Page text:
But there is something else. It's the looming threat behind the headlines: London terrorist bombers arrested. Terrorist plot to bomb trains in Germany. Iran is developing nuclear weapons, while its president denies the Holocaust and threatens to destroy Israel. Hugo Chavez at the United Nations railing at the United States. North Korea is developing nuclear weapons to go with the missiles it already has. All these remind us that there are people out there who want to destroy our bounteous and tolerant civilization. And we know, since Sept. 11, 2001, that they will inflict any damage they can. North Korea is a proven weapons proliferator. Iran is the world's leading state sponsor of terrorism. It's not hard to imagine them equipping terrorists with nuclear weapons -- or with the biological weapons (anthrax, plague) North Korea is said to be developing. Remember the anthrax attacks of September 2001? It turns out we still have no idea where the anthrax came from.
"History is a nightmare from which I am trying to awake," the novelist James Joyce once wrote. From the fall of the Berlin Wall and the collapse of the Soviet Union up until the morning of Sept. 11, 2001, we were on a holiday from history. We were happy to pay little attention to the Islamofascist terrorist threat that should have been apparent from the first World Trade Center bombing in 1993. We left that to government officials, who took it seriously and did some things to address it -- but in hindsight not enough. Since then, we took the offensive and have had some successes in stopping terrorists. But we seem to be growing tired of the fight.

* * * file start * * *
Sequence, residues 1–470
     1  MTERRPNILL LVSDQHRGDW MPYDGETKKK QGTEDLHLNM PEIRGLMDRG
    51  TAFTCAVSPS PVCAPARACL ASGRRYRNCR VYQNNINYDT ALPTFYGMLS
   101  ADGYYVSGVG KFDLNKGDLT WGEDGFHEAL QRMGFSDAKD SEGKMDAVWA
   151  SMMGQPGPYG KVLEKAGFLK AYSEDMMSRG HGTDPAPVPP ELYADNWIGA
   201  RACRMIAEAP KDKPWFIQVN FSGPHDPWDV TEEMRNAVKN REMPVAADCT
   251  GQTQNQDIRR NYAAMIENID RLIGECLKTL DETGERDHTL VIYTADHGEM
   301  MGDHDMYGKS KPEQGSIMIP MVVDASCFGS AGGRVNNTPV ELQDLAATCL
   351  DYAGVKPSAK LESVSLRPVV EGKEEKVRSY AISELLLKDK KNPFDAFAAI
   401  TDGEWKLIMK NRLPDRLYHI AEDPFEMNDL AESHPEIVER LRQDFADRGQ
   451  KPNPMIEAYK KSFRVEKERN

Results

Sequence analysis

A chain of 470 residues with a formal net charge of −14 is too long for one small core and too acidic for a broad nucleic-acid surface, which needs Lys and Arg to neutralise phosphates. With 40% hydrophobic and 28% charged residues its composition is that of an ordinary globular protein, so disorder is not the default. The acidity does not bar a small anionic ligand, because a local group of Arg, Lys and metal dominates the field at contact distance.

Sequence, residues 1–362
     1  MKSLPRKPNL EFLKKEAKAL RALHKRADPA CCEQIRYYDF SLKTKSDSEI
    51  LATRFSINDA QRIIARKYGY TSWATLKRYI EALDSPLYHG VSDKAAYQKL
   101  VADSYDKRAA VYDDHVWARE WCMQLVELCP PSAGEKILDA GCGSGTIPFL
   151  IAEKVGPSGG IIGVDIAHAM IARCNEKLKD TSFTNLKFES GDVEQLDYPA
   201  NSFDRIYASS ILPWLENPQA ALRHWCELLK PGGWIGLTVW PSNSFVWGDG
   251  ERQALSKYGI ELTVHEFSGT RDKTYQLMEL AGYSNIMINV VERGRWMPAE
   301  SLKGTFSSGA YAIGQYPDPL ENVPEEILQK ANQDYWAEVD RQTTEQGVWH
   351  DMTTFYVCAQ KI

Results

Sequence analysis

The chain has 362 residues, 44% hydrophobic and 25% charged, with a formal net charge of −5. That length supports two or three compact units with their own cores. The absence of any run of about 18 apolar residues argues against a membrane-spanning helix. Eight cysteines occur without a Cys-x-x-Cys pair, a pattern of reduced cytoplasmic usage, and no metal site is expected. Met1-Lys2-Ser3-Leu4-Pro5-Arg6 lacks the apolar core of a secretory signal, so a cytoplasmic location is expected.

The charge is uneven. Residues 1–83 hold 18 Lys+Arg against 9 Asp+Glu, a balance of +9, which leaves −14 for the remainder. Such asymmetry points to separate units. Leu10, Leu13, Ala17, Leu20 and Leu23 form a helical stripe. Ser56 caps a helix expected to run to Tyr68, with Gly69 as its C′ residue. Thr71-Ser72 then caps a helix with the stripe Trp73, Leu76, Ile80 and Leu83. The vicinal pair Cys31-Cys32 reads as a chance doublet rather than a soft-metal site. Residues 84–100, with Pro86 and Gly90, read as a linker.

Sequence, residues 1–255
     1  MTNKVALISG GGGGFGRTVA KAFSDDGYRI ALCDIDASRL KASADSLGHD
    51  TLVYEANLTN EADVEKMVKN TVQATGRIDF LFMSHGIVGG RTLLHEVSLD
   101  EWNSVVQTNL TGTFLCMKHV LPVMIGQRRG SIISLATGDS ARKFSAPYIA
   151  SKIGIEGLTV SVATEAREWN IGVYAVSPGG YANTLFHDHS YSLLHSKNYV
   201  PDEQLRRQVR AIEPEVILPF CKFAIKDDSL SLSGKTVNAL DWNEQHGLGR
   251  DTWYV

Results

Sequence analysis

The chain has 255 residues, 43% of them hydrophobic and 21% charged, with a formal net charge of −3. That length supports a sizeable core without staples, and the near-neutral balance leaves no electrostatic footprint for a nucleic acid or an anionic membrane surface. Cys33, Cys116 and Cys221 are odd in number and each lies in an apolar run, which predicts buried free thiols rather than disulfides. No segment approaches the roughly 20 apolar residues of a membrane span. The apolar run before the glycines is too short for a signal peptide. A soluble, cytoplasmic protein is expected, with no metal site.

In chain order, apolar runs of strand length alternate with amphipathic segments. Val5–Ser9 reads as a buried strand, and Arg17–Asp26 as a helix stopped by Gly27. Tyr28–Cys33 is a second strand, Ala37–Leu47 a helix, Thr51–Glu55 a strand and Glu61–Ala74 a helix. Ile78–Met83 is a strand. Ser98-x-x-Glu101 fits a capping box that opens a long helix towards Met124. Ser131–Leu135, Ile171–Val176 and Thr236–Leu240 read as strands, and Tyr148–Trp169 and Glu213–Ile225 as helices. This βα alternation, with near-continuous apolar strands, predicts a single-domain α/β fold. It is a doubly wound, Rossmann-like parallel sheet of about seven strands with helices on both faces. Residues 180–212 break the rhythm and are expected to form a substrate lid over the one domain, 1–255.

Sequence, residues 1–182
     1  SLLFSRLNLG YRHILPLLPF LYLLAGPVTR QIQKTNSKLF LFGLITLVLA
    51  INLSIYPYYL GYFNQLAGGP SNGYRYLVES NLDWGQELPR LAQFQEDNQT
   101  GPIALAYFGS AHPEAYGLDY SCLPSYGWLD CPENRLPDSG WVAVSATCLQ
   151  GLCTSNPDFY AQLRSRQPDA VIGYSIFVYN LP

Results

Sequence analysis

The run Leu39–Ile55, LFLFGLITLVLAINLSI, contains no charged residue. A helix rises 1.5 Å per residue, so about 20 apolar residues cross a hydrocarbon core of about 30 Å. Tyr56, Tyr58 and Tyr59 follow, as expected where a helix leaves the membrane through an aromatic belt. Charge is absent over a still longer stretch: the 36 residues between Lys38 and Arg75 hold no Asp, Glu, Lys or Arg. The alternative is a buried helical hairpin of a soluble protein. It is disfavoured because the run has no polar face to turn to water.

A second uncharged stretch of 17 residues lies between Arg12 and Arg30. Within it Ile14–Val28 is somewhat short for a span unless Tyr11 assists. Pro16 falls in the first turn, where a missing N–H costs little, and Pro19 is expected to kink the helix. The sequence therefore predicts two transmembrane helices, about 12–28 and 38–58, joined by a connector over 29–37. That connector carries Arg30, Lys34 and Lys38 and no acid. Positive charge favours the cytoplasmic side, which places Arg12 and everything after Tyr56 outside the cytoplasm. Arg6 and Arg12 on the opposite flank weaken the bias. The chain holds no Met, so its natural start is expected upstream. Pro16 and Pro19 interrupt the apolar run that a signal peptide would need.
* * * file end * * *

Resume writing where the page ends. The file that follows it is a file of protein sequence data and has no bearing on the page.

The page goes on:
Now it appears that voters are willing to turn over Congress to a party most of whose representatives voted against allowing the National Security Agency to surveil without a court order al-Qaida suspects when they place calls to persons in the United States and against allowing terrorist interrogations under rules supported by John McCain. We are weary, it seems, and ready to go back on holiday. Some things -- a nuclear attack on the United States, the successful release of a disease pathogen that could kill millions -- are just too horrifying to think about. But maybe we should think more about them. As Leon Trotsky is supposed to have said, "You may not be interested in war, but war is interested in you."